"As with any election campaign, the challenge is to adapt your game plan as the ground shifts out from under you. There are never enough resources or time to do everything, but you need to make the tough calls to propel yourself into the White House. This fast-playing strategy game for two players challenges you to run for the most powerful elective office in the world, at one of its most unique crossroads. Will you recreate history, or rewrite it? 1960: The Making of the President provides you the opportunity to do both."


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3. Board Game: Arcology [Average Rating:0.00 Unranked]
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NEW GAME

Alban Viard's final entry into the Small City family of games, which includes Town Center, Small City, and Card City. This one takes some of the adjacency concepts of Town Center and mixes them with the depth of Small City. I'm hearing that this may get pushed into 2018, but for now it's still listed as a 2017 release.

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The game is divided into 8 seasons where the players try to raise the highest city by minimizing the pollution generated by the factories. To the concept of adjacency already developed in Card City and Town Center, the players will use the Residential-Shops-Leisure cubes in order to host the most citizens as possible...

Players will also allocate a job to their citizens and will move them in the 3D structure...

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4. Board Game: Ave Roma [Average Rating:7.36 Overall Rank:1675]
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REPRINT

I've known about Ave Roma for a little while... through word of mouth on Twitter and from several podcasts that have mentioned it here or there. Still, despite a successful Kickstarter - which is delivering to backers now, I haven't heard much feedback. That could be a bad sign, or it could be that Ave Roma is just getting lost in the noise of dozens of other louder games at the moment. Regardless, I think the game sounds really intriguing. It's a worker placement game with a twist - a common set of workers or varying value, used by all. Though this is a 2016 Kickstarter that's gone (or is going) out to backers now, A Games is expecting to do a 2017 reprint.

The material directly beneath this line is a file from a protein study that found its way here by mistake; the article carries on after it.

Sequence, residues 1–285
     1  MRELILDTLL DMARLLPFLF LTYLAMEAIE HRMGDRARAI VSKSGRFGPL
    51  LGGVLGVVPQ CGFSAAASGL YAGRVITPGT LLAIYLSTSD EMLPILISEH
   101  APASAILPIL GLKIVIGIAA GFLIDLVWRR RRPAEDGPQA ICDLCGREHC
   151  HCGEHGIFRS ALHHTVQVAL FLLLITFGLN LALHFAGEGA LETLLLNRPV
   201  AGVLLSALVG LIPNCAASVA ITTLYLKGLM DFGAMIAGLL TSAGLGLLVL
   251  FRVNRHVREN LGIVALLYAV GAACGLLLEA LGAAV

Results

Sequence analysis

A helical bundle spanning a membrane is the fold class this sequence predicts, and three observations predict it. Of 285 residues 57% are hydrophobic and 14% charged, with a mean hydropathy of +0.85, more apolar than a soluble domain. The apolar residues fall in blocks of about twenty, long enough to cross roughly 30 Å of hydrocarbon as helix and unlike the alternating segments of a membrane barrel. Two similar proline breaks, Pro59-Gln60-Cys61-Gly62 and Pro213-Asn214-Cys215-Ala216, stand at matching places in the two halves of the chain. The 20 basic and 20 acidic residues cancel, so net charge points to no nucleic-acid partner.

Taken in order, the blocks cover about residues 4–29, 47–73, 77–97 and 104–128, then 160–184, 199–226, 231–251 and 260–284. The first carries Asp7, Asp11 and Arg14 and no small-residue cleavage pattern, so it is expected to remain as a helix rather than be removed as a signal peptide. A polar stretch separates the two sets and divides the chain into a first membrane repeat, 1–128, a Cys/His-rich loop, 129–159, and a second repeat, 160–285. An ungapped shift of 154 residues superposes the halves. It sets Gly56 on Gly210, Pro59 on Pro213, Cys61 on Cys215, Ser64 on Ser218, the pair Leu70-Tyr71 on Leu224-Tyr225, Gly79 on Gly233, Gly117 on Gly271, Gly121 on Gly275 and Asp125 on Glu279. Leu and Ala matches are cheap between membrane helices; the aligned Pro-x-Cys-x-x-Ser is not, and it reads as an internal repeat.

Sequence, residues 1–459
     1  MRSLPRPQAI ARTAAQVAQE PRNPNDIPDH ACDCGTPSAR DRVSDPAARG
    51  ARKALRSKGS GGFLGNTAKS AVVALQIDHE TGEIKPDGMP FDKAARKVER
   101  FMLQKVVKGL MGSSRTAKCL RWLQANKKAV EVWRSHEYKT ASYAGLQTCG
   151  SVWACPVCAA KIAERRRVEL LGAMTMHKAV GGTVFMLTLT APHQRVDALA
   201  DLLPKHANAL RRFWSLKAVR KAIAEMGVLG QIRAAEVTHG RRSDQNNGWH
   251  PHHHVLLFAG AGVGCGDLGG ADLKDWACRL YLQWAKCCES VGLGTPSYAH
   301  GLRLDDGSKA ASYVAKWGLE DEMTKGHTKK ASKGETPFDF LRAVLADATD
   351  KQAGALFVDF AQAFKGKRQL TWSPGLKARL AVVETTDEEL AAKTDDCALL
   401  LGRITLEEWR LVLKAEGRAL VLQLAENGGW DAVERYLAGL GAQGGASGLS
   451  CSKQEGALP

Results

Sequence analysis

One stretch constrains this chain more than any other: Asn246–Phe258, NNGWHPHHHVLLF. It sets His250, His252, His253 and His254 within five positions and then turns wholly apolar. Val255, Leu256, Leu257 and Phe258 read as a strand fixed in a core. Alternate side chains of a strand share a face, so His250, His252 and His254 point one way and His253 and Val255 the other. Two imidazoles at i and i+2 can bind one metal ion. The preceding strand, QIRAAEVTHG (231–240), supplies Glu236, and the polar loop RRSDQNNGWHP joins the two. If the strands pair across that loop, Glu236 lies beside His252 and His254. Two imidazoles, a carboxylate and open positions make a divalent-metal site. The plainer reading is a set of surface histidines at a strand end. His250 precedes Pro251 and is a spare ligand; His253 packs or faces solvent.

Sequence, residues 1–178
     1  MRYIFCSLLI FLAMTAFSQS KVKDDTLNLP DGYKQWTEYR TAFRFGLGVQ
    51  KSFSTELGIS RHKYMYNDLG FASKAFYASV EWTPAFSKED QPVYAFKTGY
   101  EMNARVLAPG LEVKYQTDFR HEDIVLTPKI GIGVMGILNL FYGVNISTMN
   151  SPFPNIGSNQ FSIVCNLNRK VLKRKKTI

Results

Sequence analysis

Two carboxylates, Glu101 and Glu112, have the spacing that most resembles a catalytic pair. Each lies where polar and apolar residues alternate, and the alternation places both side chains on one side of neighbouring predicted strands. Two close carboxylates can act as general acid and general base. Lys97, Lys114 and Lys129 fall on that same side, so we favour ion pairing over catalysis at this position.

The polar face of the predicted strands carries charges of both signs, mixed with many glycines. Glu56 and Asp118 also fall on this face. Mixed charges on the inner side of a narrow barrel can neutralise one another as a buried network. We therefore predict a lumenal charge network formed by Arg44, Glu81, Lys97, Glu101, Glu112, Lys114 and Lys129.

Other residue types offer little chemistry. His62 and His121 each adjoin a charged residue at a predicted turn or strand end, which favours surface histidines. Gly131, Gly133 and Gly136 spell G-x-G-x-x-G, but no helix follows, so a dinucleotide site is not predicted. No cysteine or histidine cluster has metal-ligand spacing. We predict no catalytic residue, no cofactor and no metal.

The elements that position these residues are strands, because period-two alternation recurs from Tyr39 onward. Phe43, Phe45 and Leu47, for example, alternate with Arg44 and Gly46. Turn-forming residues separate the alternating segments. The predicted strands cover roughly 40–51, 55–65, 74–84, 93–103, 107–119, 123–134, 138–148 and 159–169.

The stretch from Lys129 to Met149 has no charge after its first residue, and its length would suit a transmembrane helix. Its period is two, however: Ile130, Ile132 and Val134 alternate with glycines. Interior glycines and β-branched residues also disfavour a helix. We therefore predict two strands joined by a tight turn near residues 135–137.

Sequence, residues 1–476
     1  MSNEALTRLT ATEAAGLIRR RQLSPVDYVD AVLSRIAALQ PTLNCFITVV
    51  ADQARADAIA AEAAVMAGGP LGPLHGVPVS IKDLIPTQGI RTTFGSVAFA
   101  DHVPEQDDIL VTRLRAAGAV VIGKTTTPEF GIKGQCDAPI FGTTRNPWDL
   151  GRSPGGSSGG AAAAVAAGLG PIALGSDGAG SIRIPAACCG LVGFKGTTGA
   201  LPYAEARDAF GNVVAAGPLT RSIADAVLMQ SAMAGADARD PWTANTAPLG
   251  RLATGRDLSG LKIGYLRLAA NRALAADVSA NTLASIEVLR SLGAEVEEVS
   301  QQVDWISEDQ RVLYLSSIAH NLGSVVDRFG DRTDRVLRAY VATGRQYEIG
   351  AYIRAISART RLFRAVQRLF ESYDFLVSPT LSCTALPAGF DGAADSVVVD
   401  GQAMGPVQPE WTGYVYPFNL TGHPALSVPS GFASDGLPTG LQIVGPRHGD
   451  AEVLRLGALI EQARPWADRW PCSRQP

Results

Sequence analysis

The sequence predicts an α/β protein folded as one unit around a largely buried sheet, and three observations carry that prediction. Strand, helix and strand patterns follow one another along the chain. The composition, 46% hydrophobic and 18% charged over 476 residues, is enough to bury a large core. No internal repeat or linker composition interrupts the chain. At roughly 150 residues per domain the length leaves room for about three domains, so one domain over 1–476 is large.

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Ave Roma is a worker placement game with some unique mechanisms. All workers have a value and all are common workers. At the beginning of a new turn you always start with five workers, but depending on your previous decisions you will always have different workers. In the first phase you have to send out your workers, and in the next one you have to collect them — but in most cases you get back different ones.

You have several ways to win the game. You can build buildings, support wars, convince patrons, obtain influence in territories, get money and resources, and so on. It's a complex game with several mechanisms and components.


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5. Board Game: Bayonets & Tomahawks [Average Rating:0.00 Unranked]
Jason Paterson
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Another game about the French & Indian War (or the Seven Years War, as it's known in Canada), which takes place in my next of the woods... and the pre-production map here is already looking gorgeous. This is Marc Rodrigue's first game, by all accounts, but so far Bayonets & Tomahawks is shaping up to be a strong first title.



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Bayonets & Tomahawks offers scenarios that range from one year duration to the full campaign (5 years). In each, the British player can achieve victory by capturing a set number of key sites by game end (e.g. Louisbourg, Québec, Ohio Forks, etc.). The French can win by preventing this or by knocking out the British colonies with raids in any single year. Each year has eight Action rounds where movement, constructions, and battles take place; and three Logistics rounds where fleets arrive with reinforcements, colonials enlist, pieces return to colonies for winter and reserve supply is drawn.